Run a Internet search on "information overload" and you'll be swamped with results: more than 7,170,000 results hits in a quarter-of-a second.
Everybody faces a tsunami of information every day. And that doesn't even count e-mails to respond to, virtual friends to check in on, and news articles to "like." Well, now you can receive "treatment" for information overload at the Museum for Communication, in Bern, Switzerland, which is showcasing a temporary exhibition through next summer called "Warning: Communication Can Be Dangerous to Your Health."
The exhibition starts with a room lined with 12,000 books on a shelf, representing all of the new
information published worldwide daily, according to a report on the museum by Agnes Pedrero of AFP. Visitors who are overwhelmed by information go to a "check-up room," where they fill out a questionnaire.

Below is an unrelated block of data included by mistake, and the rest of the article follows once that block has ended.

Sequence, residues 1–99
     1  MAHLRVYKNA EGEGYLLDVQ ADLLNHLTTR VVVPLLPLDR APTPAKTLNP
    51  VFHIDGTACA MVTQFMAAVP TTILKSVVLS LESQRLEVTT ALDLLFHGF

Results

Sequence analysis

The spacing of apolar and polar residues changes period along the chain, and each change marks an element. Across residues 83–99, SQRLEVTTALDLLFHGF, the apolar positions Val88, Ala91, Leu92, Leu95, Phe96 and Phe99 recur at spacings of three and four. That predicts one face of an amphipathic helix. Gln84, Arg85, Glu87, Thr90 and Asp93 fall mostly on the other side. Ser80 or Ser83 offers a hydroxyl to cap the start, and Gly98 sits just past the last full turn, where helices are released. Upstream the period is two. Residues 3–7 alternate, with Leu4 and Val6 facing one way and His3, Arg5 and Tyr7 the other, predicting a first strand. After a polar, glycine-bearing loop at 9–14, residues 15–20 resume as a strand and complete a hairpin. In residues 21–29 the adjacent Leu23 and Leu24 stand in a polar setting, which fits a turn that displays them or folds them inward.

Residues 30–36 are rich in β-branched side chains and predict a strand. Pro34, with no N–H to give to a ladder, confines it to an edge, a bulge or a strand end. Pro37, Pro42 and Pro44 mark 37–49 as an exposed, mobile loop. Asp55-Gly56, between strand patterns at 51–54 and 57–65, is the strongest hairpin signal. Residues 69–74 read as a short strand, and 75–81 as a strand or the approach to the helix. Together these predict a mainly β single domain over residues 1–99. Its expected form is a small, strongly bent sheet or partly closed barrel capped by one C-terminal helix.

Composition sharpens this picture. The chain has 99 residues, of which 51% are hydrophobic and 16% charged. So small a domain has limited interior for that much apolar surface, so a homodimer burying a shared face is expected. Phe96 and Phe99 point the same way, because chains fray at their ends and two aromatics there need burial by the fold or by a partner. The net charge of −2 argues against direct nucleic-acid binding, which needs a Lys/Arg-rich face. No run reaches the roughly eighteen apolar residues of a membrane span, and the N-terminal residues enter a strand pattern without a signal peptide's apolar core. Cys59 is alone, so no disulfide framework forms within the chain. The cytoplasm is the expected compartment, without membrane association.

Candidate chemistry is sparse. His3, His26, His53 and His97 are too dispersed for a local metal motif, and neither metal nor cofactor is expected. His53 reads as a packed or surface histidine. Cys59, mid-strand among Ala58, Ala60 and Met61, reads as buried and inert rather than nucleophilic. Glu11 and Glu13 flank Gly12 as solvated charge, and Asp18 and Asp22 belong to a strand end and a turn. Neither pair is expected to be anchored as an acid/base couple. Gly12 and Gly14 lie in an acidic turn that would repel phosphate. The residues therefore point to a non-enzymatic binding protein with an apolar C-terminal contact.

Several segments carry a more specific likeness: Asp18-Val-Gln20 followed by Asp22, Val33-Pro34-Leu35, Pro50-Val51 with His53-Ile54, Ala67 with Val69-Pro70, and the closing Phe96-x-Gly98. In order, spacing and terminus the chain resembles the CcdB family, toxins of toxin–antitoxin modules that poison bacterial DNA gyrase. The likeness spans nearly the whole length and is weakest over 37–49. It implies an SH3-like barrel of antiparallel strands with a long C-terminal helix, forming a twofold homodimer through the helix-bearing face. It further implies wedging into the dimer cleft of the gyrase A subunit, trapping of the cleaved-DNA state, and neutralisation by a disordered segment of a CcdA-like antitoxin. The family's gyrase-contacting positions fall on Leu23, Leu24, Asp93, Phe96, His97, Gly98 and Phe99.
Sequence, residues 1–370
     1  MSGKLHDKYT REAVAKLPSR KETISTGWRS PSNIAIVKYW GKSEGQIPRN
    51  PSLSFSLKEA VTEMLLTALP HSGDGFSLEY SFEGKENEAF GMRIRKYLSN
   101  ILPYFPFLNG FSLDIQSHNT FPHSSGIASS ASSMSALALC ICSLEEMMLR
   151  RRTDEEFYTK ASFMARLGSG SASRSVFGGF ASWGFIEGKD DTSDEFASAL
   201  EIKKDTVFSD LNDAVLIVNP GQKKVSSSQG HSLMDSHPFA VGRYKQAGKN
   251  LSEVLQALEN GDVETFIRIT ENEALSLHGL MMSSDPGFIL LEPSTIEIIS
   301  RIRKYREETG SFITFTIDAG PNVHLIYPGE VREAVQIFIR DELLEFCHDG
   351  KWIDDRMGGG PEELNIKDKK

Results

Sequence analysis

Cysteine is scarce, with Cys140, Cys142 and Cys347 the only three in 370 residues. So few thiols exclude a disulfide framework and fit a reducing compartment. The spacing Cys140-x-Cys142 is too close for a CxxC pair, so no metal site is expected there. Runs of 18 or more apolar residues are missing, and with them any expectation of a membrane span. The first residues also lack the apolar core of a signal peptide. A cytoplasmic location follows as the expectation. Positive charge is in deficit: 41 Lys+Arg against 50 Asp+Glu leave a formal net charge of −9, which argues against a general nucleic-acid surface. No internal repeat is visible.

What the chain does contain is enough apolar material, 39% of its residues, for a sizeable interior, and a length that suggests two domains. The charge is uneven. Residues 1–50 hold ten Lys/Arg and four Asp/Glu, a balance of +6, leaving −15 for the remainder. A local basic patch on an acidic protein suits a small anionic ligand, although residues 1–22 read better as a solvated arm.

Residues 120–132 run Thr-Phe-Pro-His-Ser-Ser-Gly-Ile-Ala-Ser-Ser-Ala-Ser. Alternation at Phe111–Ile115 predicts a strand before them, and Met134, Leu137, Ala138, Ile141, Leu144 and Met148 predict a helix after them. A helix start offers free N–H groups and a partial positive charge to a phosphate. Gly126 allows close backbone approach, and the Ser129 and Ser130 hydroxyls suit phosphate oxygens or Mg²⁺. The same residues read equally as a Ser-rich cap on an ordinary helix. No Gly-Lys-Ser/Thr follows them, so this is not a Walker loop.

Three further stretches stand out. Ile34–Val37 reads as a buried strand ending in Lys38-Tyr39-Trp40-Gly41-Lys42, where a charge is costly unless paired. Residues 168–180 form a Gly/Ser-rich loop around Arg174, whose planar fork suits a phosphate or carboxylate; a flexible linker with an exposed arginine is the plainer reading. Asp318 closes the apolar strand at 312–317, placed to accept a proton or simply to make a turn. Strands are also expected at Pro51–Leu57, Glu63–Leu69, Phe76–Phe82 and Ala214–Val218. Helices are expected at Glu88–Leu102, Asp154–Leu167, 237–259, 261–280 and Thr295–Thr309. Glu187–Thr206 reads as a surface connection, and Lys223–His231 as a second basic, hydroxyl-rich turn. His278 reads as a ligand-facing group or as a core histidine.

Visitors then have two options: They can enter the room behind the red door or the room behind the orange door.
The red door leads to a meditation room with black cushions and a red light with a woman's calming voice urging the visitor to let go of stress.
The alternate room with an orange door leads to a simulated nature scene, where you can think calm thoughts.
As you leave the exhibit, a vending machine punches out for you a cheat sheet of tips—called "Comucaine"—to take with you after you leave. The tips on staying sane despite the "data deluge" and the "time famine" include: find time to focus, with as many distractions turned off as possible. Try to avoid checking your e-mail first in the morning, insisting on a half-hour out for yourself for some project that's important to you—as opposed to something that's "urgently" needed by someone else, such as your child, your boss, your spouse.
That may seem like common sense. But if it's one thing this museum exhibit shows, the more information one consumes, the less common sense one has.
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